Hell Begins (Wyatt’s Last Days Pt.1)

Hell started today. A year ago. The worst thing to ever happen to me started unfolding quickly a year ago today.  

We all got up on a Saturday morning. Brooks and Shane went to look at a truck because Brooks had just sold his and he needed a new one. Wyatt was still not feeling good. Brooks and I knew one of us was heading to Prompt Care with him today. Even though the doctor had said to give it through the weekend, we knew we couldn’t. He was surely dehydrated by now.  And we really needed to just get him better. 

While Brooks and Shane were gone, Wyatt laid on the couch. I was trying to get him to drink and eat some toast. I buzzed around the house, tidying up. And subconsciously I think I was praying Wyatt’s condition would suddenly change and he would start feeling better.  

At about 10:00, Brooks and Shane were not back yet, but I decided I needed to do something and told Wyatt we were going to Prompt Care. He didn’t want to go. He tried to cry, but he was so weak I don’t think he really could. I vividly remember slipping his slides on his feet for him and shuffling him out to the car. And then shuffling him from the car in to Prompt Care. 

We waited a little bit to be seen. Once we got into the room, and the nurses and doctors started to look at him, I started to get scared. I could tell one, they didn’t know what was wrong, and two, whatever it was, was serious.  

They took his oxygen and it was 83. That’s not a good number for your oxygen. I didn’t know that at the moment, but I quickly learned an awful lot that day. The nurse seemed a little confused and said she thought maybe they weren’t getting a good reading because he was dehydrated. I would later find out, that wasn’t the case. That number was correct.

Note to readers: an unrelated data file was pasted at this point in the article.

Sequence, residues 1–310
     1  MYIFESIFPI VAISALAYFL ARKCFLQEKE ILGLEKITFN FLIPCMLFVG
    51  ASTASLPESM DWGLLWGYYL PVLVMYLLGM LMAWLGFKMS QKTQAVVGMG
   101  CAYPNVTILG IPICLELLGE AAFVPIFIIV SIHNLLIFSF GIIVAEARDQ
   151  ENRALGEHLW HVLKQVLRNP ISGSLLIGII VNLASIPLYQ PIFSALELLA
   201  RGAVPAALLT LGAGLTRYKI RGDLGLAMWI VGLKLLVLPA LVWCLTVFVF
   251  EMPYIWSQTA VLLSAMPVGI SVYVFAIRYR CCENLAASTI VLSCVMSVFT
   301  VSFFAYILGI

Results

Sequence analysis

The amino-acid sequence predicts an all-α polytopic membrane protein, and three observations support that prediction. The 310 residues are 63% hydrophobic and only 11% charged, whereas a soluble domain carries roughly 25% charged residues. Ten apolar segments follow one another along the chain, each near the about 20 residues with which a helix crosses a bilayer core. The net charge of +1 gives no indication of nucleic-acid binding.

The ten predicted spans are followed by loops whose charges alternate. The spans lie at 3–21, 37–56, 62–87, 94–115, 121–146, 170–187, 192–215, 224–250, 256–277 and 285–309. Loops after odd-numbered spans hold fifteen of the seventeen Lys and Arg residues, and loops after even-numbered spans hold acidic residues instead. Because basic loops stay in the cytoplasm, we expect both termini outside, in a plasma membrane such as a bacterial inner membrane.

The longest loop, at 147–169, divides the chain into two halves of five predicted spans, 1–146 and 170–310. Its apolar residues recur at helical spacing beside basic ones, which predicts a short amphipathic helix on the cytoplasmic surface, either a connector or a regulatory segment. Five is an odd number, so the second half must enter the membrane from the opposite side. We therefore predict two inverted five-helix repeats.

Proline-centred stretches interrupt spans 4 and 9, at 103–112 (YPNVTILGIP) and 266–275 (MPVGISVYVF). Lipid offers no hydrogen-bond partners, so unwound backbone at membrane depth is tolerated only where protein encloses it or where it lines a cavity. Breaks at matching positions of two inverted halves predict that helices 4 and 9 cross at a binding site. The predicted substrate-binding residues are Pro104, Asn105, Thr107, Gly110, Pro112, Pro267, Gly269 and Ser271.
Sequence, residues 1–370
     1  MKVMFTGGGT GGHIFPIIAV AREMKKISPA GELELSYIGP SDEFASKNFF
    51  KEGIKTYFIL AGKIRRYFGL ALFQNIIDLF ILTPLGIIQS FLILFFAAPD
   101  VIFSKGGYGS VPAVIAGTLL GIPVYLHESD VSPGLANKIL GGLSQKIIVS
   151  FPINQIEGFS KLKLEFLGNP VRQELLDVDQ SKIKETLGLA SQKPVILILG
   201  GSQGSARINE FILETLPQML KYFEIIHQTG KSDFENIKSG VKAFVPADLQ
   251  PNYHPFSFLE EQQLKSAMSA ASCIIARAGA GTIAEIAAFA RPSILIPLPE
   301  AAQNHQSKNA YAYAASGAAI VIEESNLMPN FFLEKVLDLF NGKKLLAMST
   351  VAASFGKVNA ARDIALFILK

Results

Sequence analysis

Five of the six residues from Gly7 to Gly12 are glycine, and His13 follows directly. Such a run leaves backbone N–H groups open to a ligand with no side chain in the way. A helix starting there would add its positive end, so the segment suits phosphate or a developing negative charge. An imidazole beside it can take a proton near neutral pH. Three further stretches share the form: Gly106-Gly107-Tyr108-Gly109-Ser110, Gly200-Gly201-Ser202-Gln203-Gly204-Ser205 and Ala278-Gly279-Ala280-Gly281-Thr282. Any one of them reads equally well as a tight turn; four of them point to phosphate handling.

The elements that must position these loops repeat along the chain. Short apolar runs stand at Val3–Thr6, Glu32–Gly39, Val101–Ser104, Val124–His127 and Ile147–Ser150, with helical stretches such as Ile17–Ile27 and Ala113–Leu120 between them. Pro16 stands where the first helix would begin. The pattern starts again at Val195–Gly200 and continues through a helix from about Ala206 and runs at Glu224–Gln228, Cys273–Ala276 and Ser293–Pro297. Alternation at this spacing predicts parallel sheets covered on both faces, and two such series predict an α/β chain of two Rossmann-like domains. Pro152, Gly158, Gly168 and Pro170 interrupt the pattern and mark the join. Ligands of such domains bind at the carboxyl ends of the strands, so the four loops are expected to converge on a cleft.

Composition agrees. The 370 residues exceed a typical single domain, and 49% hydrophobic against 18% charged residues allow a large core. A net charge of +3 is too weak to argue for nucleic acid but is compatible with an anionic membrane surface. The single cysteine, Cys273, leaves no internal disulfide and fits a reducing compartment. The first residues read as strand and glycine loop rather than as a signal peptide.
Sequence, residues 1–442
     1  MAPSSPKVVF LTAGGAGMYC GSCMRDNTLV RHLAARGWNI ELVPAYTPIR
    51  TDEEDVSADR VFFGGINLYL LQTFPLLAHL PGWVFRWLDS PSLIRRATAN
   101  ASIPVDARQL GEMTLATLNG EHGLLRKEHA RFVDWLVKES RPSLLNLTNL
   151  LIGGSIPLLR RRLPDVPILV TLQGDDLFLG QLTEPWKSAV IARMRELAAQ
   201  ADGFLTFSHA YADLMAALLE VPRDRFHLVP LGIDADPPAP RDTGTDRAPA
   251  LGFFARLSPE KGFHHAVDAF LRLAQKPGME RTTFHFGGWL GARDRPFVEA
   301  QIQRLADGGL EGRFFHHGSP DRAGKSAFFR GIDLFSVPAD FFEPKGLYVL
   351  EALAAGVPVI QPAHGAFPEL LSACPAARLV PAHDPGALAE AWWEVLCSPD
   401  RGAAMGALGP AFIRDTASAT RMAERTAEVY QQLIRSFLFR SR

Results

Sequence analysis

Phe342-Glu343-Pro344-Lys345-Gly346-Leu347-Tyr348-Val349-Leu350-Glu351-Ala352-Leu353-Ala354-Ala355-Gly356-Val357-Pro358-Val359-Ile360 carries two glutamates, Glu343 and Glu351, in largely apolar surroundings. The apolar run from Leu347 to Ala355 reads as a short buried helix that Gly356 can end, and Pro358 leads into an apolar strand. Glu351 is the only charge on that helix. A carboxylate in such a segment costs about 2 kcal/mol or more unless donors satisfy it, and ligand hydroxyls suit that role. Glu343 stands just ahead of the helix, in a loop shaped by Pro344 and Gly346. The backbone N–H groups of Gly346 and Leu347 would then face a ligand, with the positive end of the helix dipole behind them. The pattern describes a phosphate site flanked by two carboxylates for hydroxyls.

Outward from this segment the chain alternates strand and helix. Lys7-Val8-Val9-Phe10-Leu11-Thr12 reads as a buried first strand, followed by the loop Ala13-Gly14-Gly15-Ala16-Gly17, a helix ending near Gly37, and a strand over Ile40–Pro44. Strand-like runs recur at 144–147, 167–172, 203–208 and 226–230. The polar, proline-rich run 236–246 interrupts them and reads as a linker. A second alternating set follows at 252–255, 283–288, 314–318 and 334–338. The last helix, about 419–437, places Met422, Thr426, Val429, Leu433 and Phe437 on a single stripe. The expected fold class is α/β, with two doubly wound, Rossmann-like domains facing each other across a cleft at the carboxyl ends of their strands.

After some further examination of Wyatt, one of the doctors finally said, “Your little boy is very sick.  He needs to have blood drawn and we can’t do that here.  He needs to go to the Emergency Room.” They were going to send us by ambulance, but were honest that it would take some time. I signed a release saying I was transporting him against their recommendation and took him myself.  

Within this span of time, Brooks had come to Prompt Care, stayed for a bit and then left. Wyatt’s team had another playoff game and I sent Brooks to take care of the team before I knew we had to go to the ER. We really didn’t know what was going on and obviously didn’t really grasp the seriousness. I don’t think anyone really knew. And I kept reassuring Wyatt and myself that everything would be ok.  All along, no one had any clue that Wyatt would die or that he had leukemia.  

At the Emergency Room, we would be brought in and Wyatt checked over again. He was so good through the whole thing even though he felt horrible. They took bloodwork and chest X-rays. They initially told me he had pneumonia and that he would probably have to stay a few nights. I was ready to hang out with him for the few days and get him better. Not great news, but I felt as though everything would be ok. I had answers and we were developing a plan. I let Brooks know, hoping to put him at ease.